Holiday Gift Guide: Our Favorite Books of the Year (Grown-Up Edition)

We've rounded up some of our favorite books of the year -- great for gifts, or just for curling up with.

Looking for something to buy for your father this Christmas, or maybe just a book or two to hibernate with over a long winter? We’re big readers here—and if you’re looking for recommendations, here are a few of our favorite recent publications for adults (a children’s edition is coming soon).

The Immortal Life of Henrietta Lacks, by Rebecca Skloot. We raved about this book when it was published, and it remains one of our favorites of the year. An epic tale of racial discrimination and scientific experimentation written with remarkable insight, it’ll leave you thinking long after you’ve shut the cover.

The Happiness Project, by Gretchen Rubin. We must admit, Gretchen Rubin is a long-time friend of Gimundo—but even if we’d never heard of her before, we’d still be singing her praises. She’s been doling out advice and insight on how to lead a happier life on her blog, The Happiness Project, since 2006; her book packs her years of study into a fascinating, fun, and extremely readable package.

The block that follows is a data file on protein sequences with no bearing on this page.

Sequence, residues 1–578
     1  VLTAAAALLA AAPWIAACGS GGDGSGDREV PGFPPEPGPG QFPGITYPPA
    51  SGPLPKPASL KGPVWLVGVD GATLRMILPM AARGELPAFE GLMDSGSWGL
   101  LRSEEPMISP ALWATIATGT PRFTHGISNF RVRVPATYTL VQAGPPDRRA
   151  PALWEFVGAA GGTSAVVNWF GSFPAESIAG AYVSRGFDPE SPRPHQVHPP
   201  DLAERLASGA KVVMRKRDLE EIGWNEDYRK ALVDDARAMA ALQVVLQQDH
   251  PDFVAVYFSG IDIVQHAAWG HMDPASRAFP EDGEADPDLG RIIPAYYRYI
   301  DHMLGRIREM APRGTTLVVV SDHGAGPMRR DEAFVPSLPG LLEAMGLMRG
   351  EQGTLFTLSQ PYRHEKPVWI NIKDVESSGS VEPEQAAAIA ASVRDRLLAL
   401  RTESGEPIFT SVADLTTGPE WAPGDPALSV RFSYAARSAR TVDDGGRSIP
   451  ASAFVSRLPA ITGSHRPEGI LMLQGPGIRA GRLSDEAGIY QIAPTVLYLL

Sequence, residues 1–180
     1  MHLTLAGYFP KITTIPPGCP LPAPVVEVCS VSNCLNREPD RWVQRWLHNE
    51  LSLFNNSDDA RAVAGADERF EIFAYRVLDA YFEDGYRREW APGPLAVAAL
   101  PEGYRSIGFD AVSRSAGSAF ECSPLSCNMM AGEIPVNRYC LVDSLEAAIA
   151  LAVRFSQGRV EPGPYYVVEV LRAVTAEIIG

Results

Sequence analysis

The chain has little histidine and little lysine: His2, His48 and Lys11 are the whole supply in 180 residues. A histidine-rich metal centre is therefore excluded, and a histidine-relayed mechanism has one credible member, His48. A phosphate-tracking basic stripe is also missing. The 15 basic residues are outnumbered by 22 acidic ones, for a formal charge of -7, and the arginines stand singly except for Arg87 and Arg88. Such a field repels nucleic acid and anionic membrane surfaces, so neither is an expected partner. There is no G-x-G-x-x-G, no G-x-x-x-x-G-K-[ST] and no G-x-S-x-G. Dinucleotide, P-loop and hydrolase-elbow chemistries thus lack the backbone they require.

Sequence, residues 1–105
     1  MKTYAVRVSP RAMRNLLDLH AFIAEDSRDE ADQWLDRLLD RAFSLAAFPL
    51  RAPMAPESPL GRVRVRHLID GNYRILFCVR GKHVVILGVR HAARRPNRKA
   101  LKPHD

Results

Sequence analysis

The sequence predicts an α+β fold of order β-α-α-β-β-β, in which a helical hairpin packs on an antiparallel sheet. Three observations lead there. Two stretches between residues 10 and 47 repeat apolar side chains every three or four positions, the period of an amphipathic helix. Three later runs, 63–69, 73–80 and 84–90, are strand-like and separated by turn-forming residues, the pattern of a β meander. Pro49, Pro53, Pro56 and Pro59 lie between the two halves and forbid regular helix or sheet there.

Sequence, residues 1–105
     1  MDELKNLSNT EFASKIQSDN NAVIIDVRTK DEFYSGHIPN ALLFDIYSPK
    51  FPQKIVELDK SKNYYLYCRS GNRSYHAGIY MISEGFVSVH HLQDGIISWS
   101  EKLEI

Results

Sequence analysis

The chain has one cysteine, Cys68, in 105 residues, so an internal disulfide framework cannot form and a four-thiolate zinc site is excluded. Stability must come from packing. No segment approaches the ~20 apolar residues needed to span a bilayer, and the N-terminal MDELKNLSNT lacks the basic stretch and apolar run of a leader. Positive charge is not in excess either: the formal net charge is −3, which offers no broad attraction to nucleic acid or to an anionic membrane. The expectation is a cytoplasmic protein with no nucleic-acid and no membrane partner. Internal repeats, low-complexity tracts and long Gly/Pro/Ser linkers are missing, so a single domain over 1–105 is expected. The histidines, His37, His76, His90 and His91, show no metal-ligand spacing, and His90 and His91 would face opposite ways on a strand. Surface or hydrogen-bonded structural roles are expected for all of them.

Autobiography of Mark Twain, Vol. 1 by Mark Twain. Mark Twain’s autobiography was so juicy that he insisted on waiting until 100 years after his death to publish it—but now his secrets are here for all to read. This is just the first volume, but it’s packed with fascinating anecdotes about his life and views. Pick up the bulky hardcover as a coffee table book, or buy the Kindle version for just $9.79. (And if you don’t have a Kindle, we highly recommend that, too.)

Cleopatra: A Life, by Stacy Schiff. More than 2,000 years after her death, the legendary Egyptian queen still fascinates us. Find the truth behind the legend in this detailed but extremely readable biography.

Cutting for Stone, by Abraham Verghese. This gripping novel travels from India to Ethiopia to America over generations, exploring family ties and the role and rituals of medicine. Although some of the hospital scenes may make you squeamish, the book will leave you wanting more.

The Memory Chalet, by Tony Judt. Tony Judt had been a world-renowned historian and writer in his prime when he was struck with ALS in 2006. The disease paralyzed his body little by little, and he was soon completely immobile. Still, he retained his ability to speak, and used his voice to tell his greatest story yet: a series of essays reflecting on a life well-lived.

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